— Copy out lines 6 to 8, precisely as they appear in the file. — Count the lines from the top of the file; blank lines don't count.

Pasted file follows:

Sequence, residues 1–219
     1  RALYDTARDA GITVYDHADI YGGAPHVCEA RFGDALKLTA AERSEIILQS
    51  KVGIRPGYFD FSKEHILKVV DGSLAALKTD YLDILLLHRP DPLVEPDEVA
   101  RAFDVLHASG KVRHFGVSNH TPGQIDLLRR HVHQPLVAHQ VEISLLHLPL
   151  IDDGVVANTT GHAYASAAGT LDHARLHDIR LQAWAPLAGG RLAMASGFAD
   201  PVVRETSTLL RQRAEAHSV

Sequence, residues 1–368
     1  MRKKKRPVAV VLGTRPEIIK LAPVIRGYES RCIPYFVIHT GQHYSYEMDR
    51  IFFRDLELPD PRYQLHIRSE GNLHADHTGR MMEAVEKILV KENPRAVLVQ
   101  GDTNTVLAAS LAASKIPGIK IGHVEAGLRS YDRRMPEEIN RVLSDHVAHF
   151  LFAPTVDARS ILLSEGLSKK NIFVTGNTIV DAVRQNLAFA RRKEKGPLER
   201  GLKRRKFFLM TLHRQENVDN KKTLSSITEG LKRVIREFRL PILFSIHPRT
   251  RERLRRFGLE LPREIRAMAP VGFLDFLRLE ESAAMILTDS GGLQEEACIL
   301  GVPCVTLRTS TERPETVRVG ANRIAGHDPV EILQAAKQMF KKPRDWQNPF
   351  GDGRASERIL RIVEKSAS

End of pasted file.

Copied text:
   201  PVVRETSTLL RQRAEAHSV

Sequence, residues 1–368
     1  MRKKKRPVAV VLGTRPEIIK LAPVIRGYES RCIPYFVIHT GQHYSYEMDR